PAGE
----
To analyze how identifying President Trump as the U.S. decision-maker or North Korea as the foreign state (or both) impacted respondents’ views, we compared the results of our variant surveys to the results of our control survey. The latter are included below for reference. The first set of four charts shows the responses to control-survey questions relating to potential military threats, while the second set shows the responses to questions relating to potential nuclear threats.:

Control Survey Results (Military Threats)

 

Control Survey Results (Nuclear Threats)

The colored borders surrounding each question correspond to bar charts that we use to compare the results of our variant surveys to the results of our control survey. We present them in pairs, one for questions relating to military threats and one for questions relating to nuclear threats. Below is an example of one such chart, taken from our analysis of the North Korea impact survey later in this post:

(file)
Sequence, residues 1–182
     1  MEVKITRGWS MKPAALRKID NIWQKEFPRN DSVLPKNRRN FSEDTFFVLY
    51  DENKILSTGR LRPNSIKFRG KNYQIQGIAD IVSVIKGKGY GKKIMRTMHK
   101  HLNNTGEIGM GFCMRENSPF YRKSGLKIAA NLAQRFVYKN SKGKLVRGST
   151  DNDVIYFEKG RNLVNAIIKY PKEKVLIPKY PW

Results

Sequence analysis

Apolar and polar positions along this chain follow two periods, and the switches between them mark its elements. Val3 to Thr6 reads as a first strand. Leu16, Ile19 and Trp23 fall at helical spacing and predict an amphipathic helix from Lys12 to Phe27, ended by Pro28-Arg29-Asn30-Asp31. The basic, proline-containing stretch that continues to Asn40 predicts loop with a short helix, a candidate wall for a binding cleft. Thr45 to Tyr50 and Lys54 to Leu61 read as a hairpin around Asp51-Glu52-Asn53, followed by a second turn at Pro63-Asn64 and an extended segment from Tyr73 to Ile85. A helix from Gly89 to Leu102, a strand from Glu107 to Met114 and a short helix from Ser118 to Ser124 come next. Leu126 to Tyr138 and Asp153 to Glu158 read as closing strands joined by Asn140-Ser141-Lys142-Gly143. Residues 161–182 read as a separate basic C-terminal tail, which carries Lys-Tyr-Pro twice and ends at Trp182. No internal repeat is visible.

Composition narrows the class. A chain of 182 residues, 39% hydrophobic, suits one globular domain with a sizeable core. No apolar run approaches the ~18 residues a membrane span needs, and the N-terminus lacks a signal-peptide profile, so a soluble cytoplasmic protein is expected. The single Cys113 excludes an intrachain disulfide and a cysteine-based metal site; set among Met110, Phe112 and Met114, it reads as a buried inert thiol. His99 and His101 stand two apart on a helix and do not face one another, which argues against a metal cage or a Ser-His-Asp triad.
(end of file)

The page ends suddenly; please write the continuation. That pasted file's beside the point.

Sample Chart: North Korea Impact Survey vs. Control Survey (Military Threats)*

* The colored boundaries of the control survey questions reproduced earlier in this post match the colors used in this chart for the corresponding questions in our variant surveys.